The Sacramento-San Joaquin Delta provides drinking water for over 25 million Californians and irrigation for about 5 million acres of cropland. Eighty percent of the water in California moves via pumps from sources north of the Sacramento-San Joaquin Delta to farms and communities in the south. Water diversions by the State Water Project, the federal Central Valley Project and private diversions in the Sacramento-San Joaquin Delta and its Sacramento and San Joaquin River watersheds export millions of acre-feet of water. and its water is at the heart of the state’s economic vitality, its wildlife habitat, shipping, transportation, drinking water, and recreation. Water from the SWP serves both urban and agricultural areas in the Bay area, the Silicon Valley, the San Joaquin Valley, the Central Coast, and Southern California.
The Fishing Associations’ Suit
The Fishing Associations seek an order and judgment overturning Reclamation’s Environmental Assessment (“EA”) and Finding of No Significant Impact (“FONSI”) adopted for eight water service contracts, referred to as the Three Delta Division and Five San Luis Unit Water Service Interim Renewal Contracts 2012-2014 (“interim contracts”). The majority of the water at issue in the interim contracts – over 1,105,000 acre feet – is allocated to the Westlands Water District. That District encompasses more than 600,000 acres of farmland in western Fresno and Kings counties of California. The District serves approximately 600 family-owned farms that average 900 acres in size. So, in one sense, the Fishing Associations’ suit pits the water interests of fisherman against those of farmers.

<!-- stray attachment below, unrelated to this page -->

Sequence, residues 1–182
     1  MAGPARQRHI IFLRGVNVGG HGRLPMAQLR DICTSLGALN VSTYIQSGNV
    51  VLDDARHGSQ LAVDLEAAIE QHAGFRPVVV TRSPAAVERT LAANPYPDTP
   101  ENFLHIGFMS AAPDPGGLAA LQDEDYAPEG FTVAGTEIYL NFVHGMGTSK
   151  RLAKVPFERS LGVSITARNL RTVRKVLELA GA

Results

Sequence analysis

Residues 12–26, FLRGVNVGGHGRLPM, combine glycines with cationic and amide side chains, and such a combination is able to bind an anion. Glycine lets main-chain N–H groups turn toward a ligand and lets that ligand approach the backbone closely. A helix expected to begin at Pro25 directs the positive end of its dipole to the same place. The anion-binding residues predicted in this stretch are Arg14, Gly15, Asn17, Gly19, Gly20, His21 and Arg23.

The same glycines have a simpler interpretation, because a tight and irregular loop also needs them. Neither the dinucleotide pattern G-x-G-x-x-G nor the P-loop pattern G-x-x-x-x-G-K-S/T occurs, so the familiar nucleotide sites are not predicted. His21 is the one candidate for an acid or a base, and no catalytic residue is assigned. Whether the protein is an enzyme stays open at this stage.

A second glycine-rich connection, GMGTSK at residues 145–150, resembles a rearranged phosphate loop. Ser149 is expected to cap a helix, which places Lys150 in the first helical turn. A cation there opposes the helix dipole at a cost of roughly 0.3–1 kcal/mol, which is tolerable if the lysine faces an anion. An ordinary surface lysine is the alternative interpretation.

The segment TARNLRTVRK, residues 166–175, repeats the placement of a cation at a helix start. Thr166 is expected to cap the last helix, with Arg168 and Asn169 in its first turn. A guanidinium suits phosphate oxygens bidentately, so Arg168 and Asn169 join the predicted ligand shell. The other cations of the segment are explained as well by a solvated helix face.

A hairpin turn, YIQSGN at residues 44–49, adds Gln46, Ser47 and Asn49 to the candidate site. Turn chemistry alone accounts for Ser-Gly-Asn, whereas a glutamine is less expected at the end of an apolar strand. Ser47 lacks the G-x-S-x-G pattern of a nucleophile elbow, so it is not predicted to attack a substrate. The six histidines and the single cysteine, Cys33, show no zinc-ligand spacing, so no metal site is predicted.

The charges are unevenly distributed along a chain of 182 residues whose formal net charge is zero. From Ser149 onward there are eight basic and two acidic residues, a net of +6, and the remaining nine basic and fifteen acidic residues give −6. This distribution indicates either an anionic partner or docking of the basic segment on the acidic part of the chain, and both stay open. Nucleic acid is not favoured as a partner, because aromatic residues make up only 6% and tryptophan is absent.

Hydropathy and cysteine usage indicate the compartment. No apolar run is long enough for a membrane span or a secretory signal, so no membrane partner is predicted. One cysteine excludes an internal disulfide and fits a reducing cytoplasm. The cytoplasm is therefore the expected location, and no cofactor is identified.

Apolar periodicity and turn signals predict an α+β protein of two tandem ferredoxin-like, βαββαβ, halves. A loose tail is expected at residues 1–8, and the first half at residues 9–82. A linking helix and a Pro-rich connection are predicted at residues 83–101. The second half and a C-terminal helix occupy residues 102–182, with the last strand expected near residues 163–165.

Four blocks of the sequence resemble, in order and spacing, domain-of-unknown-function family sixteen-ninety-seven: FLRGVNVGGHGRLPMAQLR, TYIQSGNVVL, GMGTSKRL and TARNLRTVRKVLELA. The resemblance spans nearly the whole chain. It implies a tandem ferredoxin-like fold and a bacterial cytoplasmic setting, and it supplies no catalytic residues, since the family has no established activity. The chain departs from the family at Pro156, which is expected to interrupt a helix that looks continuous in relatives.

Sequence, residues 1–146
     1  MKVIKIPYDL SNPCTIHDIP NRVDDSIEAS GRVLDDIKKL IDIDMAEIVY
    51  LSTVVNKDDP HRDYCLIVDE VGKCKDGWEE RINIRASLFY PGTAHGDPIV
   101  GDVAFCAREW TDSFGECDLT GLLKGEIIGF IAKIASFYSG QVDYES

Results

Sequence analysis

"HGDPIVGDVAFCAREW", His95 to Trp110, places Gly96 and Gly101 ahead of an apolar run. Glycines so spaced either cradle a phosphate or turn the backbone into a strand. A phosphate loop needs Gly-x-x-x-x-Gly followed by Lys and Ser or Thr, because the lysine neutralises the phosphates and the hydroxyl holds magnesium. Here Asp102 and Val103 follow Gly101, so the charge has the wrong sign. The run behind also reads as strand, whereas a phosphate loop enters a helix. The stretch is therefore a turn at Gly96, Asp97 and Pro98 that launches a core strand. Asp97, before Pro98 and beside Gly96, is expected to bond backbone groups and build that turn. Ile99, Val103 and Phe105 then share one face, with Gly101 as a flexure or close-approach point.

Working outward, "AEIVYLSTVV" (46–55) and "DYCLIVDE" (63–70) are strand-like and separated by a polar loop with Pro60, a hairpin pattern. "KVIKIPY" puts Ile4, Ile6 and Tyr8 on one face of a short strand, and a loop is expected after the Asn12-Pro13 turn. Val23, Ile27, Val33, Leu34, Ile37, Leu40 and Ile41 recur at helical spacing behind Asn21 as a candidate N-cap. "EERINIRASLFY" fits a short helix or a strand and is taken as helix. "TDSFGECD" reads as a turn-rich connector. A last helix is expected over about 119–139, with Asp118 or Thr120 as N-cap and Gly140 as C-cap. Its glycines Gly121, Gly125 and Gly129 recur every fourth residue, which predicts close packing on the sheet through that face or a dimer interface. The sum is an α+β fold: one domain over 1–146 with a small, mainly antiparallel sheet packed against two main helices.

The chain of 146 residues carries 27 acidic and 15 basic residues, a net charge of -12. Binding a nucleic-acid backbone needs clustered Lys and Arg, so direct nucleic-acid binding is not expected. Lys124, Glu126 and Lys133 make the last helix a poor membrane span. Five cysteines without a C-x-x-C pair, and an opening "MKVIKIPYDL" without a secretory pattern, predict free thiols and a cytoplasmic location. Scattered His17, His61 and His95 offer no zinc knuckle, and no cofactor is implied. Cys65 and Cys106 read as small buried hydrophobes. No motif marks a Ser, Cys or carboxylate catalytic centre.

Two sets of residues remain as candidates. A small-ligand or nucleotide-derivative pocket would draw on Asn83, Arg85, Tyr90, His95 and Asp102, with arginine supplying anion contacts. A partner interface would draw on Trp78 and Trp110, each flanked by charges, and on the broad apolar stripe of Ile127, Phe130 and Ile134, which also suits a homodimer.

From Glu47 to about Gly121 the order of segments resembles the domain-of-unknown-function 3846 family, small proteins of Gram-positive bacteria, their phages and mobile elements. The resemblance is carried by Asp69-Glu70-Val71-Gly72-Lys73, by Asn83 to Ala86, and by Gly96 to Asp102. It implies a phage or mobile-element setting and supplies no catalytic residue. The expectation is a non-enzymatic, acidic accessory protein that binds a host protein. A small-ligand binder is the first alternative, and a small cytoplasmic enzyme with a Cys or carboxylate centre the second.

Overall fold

Specifically, the Fishing Associations argue that the EA and FONSI violate NEPA because they assume that Reclamation does not have discretion to reject the interim contracts; or reduce the quantities of water exported from the Delta; or increase the interim contracts’ pricing structure to reduce water demand and thus reduce exports and their environmental impacts.
NEPA is, however, purely procedural; it does not contain substantive environmental standards. To implement its goals, NEPA “requires an agency to prepare an environmental impact statement (‘EIS’) for ‘major Federal actions significantly affecting the quality of the human environment.’” The EA for any “project[ ] directly undertaken by [a] Federal agenc[y]” must “be prepared at the feasibility analysis (go-no go) stage” of the project, which is to say before “making an irreversible and irretrievable commitment of resources.” The question for the court, therefore, will be whether Reclamation and Interior met NEPA’s procedural requirements by preparing an EA.